Forums > MaxMSP

metronome

June 12, 2006 | 1:56 pm


June 12, 2006 | 3:41 pm

The problem is that metro is not really a metronome. It is an alarm clock.
The ms time parameter tells metro how long to wait until the next bang.
Updates to the right inlet take effect when the previous time period
expires. If you are going from fast to slow this may not be evident but
slow to fast certainly is. At the point where you change from mm = 160 to
80 this will be quite obvious. Unfortunately waiting for a bang doesn’t to
the trick since the next time delay has already begun. The remedy is the
tempo object. You might also try metro~. I looked at it but I’m not sure
how it works.

Cheers,
Gary Lee Nelson
TIMARA Department
Oberlin College
http://www.timara.oberlin.edu/GaryLeeNelson


June 12, 2006 | 5:06 pm

On 12-Jun-2006, at 17:41, Gary Lee Nelson wrote:
> The problem is that metro is not really a metronome. It is an
> alarm clock.

Nicely put.

Thinking outside the box, it occurs to me that a solution could be
found in the Litter Power object lp.frrr~. I know that when I built
the object, I added code to specifically deal with the issue of the
user increasing the speed of pulses. Instead of waiting for the next
"alarm" to ring before adjusting tempo, frrr~ calculates what
percentage of time-between-pulses has passed and adjusts the
scheduled time of the next alarm proportionally, based on the new
pulse rate. So whenever you change pulse rate, frrr~ responds with a
slower or faster tempo immediately.

If metro~ or tempo does this, then fine. But if you’re still looking
for a solution, someone (maybe even li’l ol’ me) could look into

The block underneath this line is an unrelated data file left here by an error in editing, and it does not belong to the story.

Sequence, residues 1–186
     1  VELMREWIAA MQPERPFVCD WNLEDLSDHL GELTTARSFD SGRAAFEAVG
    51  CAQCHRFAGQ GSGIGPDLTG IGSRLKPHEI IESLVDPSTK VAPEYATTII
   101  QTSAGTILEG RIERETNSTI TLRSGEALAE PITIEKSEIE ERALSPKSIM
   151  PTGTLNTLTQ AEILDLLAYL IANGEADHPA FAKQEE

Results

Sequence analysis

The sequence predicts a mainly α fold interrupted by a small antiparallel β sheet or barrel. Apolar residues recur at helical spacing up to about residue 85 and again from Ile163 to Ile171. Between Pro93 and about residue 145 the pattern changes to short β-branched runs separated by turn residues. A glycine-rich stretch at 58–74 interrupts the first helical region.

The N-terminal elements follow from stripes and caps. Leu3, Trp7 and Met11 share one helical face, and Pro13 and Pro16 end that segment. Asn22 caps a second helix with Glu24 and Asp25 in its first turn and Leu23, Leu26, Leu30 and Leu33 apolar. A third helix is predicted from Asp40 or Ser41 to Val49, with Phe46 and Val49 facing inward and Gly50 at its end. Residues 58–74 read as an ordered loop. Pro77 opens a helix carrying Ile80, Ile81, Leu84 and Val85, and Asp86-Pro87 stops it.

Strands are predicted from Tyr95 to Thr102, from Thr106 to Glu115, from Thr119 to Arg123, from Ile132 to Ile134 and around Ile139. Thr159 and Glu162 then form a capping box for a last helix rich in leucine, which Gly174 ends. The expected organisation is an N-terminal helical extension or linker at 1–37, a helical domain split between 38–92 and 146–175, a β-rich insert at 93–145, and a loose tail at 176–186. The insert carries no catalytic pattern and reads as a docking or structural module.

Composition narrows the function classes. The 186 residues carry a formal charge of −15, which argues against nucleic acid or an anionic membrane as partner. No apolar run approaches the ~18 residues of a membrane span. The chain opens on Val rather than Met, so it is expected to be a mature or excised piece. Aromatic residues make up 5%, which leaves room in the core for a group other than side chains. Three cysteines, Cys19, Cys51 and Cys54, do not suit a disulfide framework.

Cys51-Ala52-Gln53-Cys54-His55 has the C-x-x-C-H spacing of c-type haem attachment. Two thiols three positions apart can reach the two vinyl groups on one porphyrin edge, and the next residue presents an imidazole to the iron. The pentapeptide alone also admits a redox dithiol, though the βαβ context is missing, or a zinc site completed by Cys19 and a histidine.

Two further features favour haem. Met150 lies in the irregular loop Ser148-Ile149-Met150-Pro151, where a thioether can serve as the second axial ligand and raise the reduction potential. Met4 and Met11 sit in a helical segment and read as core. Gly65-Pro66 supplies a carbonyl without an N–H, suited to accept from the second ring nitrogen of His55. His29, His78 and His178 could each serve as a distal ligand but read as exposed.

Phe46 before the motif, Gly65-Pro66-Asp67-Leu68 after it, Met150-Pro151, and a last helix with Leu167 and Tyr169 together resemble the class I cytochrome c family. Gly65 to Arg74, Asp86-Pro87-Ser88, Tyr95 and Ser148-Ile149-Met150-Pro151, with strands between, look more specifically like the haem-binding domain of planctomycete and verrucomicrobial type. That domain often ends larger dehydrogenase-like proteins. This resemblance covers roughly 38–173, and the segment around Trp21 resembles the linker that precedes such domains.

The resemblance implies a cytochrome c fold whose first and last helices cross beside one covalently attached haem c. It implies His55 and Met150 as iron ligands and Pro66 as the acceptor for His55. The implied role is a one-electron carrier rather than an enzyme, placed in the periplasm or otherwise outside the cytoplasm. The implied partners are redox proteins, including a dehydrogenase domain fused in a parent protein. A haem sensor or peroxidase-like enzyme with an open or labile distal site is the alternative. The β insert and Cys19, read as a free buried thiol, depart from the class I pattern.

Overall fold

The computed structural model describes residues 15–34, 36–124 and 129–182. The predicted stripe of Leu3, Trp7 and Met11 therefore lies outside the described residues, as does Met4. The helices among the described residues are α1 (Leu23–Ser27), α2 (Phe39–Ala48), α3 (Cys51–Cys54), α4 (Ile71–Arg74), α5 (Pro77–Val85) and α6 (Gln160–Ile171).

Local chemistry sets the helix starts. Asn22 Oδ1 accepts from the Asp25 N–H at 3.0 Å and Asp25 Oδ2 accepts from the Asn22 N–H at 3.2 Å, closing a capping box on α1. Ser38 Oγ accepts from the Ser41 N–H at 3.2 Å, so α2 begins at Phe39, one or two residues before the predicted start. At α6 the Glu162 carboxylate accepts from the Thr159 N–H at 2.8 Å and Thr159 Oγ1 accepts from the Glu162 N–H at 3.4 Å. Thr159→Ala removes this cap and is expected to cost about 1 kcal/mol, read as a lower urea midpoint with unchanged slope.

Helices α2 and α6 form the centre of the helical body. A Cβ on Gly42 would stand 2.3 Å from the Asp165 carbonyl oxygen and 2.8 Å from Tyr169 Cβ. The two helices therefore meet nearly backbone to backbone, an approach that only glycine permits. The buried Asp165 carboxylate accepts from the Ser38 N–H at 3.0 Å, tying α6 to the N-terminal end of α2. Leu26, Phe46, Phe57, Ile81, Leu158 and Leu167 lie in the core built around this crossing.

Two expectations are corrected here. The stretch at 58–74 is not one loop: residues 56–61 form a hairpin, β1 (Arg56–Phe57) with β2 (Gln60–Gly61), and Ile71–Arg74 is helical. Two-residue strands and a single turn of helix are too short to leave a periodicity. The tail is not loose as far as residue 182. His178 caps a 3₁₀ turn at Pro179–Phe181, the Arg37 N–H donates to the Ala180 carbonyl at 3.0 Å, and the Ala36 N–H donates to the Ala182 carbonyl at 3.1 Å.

building an example with lp.frrr~.

Just an idea.

Best — Peter

————– http://www.bek.no/~pcastine/Litter/ ————-
Peter Castine +–> Litter Power & Litter Bundle for Jitter

iCE: Sequencing, Recording & |home | chez nous|
Interface Building for |bei uns | i nostri|
Max/MSP Extremely cool http://www.castine.de

http://www.dspaudio.com/


June 14, 2006 | 5:17 am

Gary Lee Nelson wrote:
> The problem is that metro is not really a metronome. It is an alarm clock.

One workaround could be, to do it as in the Midi spec: Midiclock is a
clock wich is 24-times faster than the beat…

metro’s resolution might not be good enough for that though…
(In that case move to MSP…)

#P window setfont "Sans Serif" 9.;
#P number 200 65 35 9 0 0 0 3 0 0 0 221 221 221 222 222 222 0 0 0;
#P inlet 181 65 15 0;
#P outlet 87 205 15 0;
#P toggle 87 50 15 0;
#P window linecount 1;
#P newex 87 175 50 196617 sel 1;
#N counter 1 24;
#X flags 0 0;
#P newobj 87 149 88 196617 counter 1 24;
#P newex 181 90 50 196617 / 24;
#P newex 87 118 104 196617 metro 100;
#P connect 0 0 2 0;
#P connect 4 0 0 0;
#P connect 4 0 2 2;
#P connect 1 0 0 1;
#P connect 6 0 1 0;
#P connect 7 0 1 0;
#P connect 3 0 5 0;
#P connect 2 0 3 0;
#P window clipboard copycount 8;


Stefan Tiedje————x——-
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June 15, 2006 | 12:12 pm

An easy hack I’ve used is this situation is to restart the metronome by sending it a ’1′ to the left inlet each time you change the speed. A [trigger 1 i] works well.


June 15, 2006 | 12:25 pm


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